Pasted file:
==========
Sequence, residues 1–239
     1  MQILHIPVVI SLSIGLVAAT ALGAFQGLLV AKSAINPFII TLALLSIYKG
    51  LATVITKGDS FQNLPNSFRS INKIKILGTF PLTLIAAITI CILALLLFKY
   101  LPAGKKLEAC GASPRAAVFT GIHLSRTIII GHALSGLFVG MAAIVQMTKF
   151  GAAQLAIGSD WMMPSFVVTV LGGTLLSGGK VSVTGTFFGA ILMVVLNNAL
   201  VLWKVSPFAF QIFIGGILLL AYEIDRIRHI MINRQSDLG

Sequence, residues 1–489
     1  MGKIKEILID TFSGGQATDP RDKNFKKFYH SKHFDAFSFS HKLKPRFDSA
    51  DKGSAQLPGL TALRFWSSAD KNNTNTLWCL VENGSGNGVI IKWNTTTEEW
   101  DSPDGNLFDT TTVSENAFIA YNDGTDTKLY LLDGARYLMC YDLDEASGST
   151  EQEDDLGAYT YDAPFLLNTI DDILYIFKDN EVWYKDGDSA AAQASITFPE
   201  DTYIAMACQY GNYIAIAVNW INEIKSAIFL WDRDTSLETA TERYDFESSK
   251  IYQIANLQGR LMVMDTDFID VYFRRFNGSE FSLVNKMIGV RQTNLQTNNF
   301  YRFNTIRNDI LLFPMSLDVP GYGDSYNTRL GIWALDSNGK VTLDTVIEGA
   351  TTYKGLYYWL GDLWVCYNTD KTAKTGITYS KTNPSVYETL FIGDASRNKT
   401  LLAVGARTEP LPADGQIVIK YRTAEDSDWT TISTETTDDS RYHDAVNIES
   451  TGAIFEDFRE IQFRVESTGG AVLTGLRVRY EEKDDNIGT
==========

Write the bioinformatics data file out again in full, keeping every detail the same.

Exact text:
Sequence, residues 1–239
     1  MQILHIPVVI SLSIGLVAAT ALGAFQGLLV AKSAINPFII TLALLSIYKG
    51  LATVITKGDS FQNLPNSFRS INKIKILGTF PLTLIAAITI CILALLLFKY
   101  LPAGKKLEAC GASPRAAVFT GIHLSRTIII GHALSGLFVG MAAIVQMTKF
   151  GAAQLAIGSD WMMPSFVVTV LGGTLLSGGK VSVTGTFFGA ILMVVLNNAL
   201  VLWKVSPFAF QIFIGGILLL AYEIDRIRHI MINRQSDLG

Sequence, residues 1–489
     1  MGKIKEILID TFSGGQATDP RDKNFKKFYH SKHFDAFSFS HKLKPRFDSA
    51  DKGSAQLPGL TALRFWSSAD KNNTNTLWCL VENGSGNGVI IKWNTTTEEW
   101  DSPDGNLFDT TTVSENAFIA YNDGTDTKLY LLDGARYLMC YDLDEASGST
   151  EQEDDLGAYT YDAPFLLNTI DDILYIFKDN EVWYKDGDSA AAQASITFPE
   201  DTYIAMACQY GNYIAIAVNW INEIKSAIFL WDRDTSLETA TERYDFESSK
   251  IYQIANLQGR LMVMDTDFID VYFRRFNGSE FSLVNKMIGV RQTNLQTNNF
   301  YRFNTIRNDI LLFPMSLDVP GYGDSYNTRL GIWALDSNGK VTLDTVIEGA
   351  TTYKGLYYWL GDLWVCYNTD KTAKTGITYS KTNPSVYETL FIGDASRNKT
   401  LLAVGARTEP LPADGQIVIK YRTAEDSDWT TISTETTDDS RYHDAVNIES
   451  TGAIFEDFRE IQFRVESTGG AVLTGLRVRY EEKDDNIGT